Buddha is a 5 year old Corgi who was taken into Vetwest Canning Vale after his owners had noticed he was unwell. Buddha was lethargic, constipated and had been vomiting. His owners were worried as they had fed him some raw bones a few days earlier and he had been unwell since. Upon examination by his veterinarian, Buddha was found to be moderately dehydrated, probably as a result of the vomiting. The vet could also feel a hard mass in his abdomen and she was concerned that there may be pieces of bones stuck in Buddha's intestines.
Unfortunately for Buddha this procedure had to be repeated twice more until the vets were satisfied that enough of the bone chips had been removed and the faecal material was soft enough for him to pass. Buddha recovered well from the anaesthetic however his constipation was quite severe and some damage had already occurred to his bowel. This had resulted in bacteria being able to pass through the protective coating and wall of the intestines and entering his blood stream, resulting in Septicaemia. The vets immediately started Buddha on a course of intravenous antibiotics. Budda needed to stay in hospital for several days on fluids and antibiotics until he was well enough to go home. Thankfully he has now made a full recovery and his owners report that he is happy and well.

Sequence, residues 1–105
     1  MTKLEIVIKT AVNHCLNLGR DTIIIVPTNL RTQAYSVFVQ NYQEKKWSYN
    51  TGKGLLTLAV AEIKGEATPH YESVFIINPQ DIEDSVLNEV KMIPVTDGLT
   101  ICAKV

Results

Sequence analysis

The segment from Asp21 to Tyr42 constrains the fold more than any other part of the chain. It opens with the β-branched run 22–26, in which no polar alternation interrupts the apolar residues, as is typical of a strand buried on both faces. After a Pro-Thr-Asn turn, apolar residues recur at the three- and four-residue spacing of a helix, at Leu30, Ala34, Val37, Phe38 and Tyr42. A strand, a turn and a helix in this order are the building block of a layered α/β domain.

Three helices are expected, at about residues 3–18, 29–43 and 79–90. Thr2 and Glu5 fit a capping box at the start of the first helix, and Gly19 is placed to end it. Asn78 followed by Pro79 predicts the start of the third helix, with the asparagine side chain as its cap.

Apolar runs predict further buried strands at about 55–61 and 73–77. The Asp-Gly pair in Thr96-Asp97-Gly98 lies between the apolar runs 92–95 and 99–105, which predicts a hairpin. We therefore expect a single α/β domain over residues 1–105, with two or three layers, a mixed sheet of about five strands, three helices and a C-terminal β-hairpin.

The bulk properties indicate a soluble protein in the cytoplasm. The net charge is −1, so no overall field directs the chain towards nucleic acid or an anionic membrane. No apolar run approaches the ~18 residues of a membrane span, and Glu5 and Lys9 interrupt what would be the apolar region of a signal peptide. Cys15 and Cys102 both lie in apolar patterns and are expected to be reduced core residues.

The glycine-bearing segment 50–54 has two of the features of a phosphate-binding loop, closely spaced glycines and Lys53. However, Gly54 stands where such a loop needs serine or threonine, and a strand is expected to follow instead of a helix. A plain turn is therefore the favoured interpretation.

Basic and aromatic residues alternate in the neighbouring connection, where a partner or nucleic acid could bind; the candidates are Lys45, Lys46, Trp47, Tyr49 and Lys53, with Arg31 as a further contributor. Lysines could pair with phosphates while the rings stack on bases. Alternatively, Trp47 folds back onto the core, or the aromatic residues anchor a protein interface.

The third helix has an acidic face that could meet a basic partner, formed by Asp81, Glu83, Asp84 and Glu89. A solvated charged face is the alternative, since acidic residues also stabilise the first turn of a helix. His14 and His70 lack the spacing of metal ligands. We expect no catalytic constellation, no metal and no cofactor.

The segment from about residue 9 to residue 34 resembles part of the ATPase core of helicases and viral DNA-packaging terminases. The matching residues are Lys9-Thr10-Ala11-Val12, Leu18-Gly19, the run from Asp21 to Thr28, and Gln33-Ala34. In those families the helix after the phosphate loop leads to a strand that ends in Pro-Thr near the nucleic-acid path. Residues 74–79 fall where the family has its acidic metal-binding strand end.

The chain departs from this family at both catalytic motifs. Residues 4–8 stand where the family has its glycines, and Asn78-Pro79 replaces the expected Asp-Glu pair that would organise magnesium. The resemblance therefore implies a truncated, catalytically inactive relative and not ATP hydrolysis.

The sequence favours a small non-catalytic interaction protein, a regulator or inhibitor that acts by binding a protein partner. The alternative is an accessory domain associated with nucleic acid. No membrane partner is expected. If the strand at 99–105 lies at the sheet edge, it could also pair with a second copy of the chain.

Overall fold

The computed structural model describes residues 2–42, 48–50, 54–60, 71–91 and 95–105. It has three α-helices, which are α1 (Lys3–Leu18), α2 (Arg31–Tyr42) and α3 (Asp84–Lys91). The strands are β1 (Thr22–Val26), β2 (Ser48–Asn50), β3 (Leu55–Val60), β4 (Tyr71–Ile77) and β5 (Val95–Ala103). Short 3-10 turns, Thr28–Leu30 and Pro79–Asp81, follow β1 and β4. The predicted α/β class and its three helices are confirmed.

If you do choose to feed your pet bones we have some tips on how it can be done to minimise problems:
- Allow your pet to chew on a bone not through it
- Dispose of chewed bones promptly
- Bones should always be bigger than the pets head so they cannot be swallowed
- Whole bones are the safest. If a bone has been pre-cut, remove any bone marrow as it is very high in fat
- Ideally bone chewing should be started as kittens or puppies, however, can be carefully introduced later in life
- Bones are not recommended for pets who have a history of pancreatitis
Other related articles:
- Feeding your pets bones
- Chewing - choosing a safe chew toy for your pet
- Chewing - why do dogs chew?